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Sukhoi P-1 (Perekhvatchuk-1)

Interceptor Prototype Aircraft

Sukhoi P-1 (Perekhvatchuk-1)

Interceptor Prototype Aircraft


The Sukhoi P-1 was intended as an interceptor solution for the Soviet Union during the early-Cold War years - it failed in this regard as a single prototype was all that was completed.
National Flag Graphic
ORIGIN: Soviet Union
YEAR: 1957
STATUS: Cancelled
OPERATORS: Soviet Union (cancelled)

Unless otherwise noted the presented statistics below pertain to the Sukhoi P-1 (Perekhvatchuk-1) model. Common measurements, and their respective conversions, are shown when possible.
LENGTH: 69.88 feet (21.3 meters)
WIDTH: 32.15 feet (9.8 meters)
HEIGHT: 14.76 feet (4.5 meters)
WEIGHT (EMPTY): 22,046 pounds (10,000 kilograms)
WEIGHT (MTOW): 37,479 pounds (17,000 kilograms)
ENGINE: 1 x Lyulka AL-7F turbojet engine with afterburner developing up to 22,000lb of thrust.
SPEED (MAX): 1,274 miles-per-hour (2050 kilometers-per-hour; 1,107 knots)
RANGE: 1,243 miles (2,000 kilometers; 1,080 nautical miles)
CEILING: 63,976 feet (19,500 meters; 12.12 miles)


1 x 37mm Nudelman N-37 cannon
50 x 57mm Air-to-Air (AA) unguided, fin-stabilized rockets.

2 x K-7 radar-guided Air-to-Air Missiles (AAMs)

Series Model Variants
• P-1 - Base Series Designation; single prototype completed.


Detailing the development and operational history of the Sukhoi P-1 (Perekhvatchuk-1) Interceptor Prototype Aircraft.  Entry last updated on 8/7/2018. Authored by Staff Writer. Content ©
Because of the rise in capabilities of American and British bombers in the West during the Cold War years (1947-1991), the Soviet Union pushed a myriad of developments centered on air defense. This included both ground-based missile systems and dedicated, high-speed interceptors to which - one of the latter - became the Sukhoi "P-1". This example ended its days as a single prototype due mainly to delays in the intended radar and engine.

By 1954, the high-flying, jet-powered American bomber threat was a real one so Soviet engineers were charged with evolving design studies centered on new interception solutions. Alongside this was development of a new interception radar, the Uragan-1 ("Hurricane-1") X-band radar, which promised to aid in the role. However, this system's sophisticated nature came at a price - it was technologically complex and physically large - and would require an equally-technologically-complex and large aircraft to carry it. Sukhoi OKB was commissioned with development of the airframe and, along with what would become the P-1, engaged in development of a similar-minded interception form at the same time - the "T-3".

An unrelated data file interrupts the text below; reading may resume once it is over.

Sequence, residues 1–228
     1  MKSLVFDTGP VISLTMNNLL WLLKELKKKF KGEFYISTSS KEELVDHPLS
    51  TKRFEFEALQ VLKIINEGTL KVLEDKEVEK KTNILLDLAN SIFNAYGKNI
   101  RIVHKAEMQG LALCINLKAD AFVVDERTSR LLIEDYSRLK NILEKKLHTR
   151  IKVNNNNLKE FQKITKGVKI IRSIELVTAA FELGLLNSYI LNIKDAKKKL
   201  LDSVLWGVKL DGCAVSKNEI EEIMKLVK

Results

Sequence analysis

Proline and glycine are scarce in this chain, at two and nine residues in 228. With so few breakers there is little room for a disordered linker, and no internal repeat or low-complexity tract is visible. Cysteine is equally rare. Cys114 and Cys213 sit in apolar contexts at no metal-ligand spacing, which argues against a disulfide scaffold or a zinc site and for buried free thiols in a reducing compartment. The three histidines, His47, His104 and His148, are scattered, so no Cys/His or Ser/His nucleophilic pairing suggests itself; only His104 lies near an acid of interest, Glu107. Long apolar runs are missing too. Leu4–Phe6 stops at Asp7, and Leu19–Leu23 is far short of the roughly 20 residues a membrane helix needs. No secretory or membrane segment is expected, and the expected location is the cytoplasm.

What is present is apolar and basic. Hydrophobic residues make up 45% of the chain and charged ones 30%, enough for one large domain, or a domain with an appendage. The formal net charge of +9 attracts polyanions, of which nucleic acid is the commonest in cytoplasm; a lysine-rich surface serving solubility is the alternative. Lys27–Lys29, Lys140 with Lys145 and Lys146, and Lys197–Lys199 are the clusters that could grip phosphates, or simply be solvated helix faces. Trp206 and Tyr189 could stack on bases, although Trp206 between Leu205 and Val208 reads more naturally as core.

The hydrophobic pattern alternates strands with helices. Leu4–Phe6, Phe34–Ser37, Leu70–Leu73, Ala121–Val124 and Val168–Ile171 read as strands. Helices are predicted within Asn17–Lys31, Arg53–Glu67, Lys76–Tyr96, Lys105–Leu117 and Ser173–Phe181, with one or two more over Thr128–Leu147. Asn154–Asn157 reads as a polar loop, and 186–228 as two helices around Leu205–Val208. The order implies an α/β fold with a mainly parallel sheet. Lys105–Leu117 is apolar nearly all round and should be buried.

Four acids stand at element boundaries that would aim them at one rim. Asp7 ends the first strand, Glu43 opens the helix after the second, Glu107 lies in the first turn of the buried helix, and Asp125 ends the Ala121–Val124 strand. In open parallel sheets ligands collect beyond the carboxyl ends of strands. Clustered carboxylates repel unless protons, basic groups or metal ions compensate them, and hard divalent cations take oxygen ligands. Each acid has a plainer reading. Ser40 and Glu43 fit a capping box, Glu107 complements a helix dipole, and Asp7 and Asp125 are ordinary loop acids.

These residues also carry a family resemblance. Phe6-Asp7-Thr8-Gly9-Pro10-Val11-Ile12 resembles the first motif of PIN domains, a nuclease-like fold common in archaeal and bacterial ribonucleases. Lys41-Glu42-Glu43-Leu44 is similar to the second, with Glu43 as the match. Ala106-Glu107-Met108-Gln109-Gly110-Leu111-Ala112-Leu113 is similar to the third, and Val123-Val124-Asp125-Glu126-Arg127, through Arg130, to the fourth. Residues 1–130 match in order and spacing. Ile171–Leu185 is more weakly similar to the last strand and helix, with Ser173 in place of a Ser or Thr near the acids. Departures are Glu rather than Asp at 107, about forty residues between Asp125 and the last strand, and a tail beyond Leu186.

For power it was decided to focus on the in-development Lyulka AL-9 turbojet (proposed 23,370lb of thrust with afterburning) of which one would be installed in the new aircraft. As the radar fit would be housed in the nose, a nose-mounted intake was out of the question - leading Sukhoi engineers to devise a split, side-intake (lateral) arrangement in which two intakes aspirated the single engine with.

The fuselage took on a typical tubular form. Due to the added mission responsibilities concerning the new radar, a second crewman was added - the two seated inline in separate cockpits under heavy framing with restricted vision. The cockpit positions were set aft of the nosecone assembly and ahead of the intakes. The wing planform became a tailed-delta-wing configuration (following the arrangement seen in the parallel T-3 design), the mainplanes essentially triangular shapes given 57-degree sweep along their leading edges and straddling the fuselage. The tail unit was traditional, sporting a single vertical fin with low-set horizontal planes. A tricycle undercarriage completed the modern features of what was becoming a sleek-looking aircraft.

As the AL-9 engine was still in the works, the prototype was outfitted with the lower-powered Lyulka AL-7F turbojet for the interim. The Sukhoi prototype took on the designation of "P-1" (Perekhvatchuk-1 = "Interceptor-1").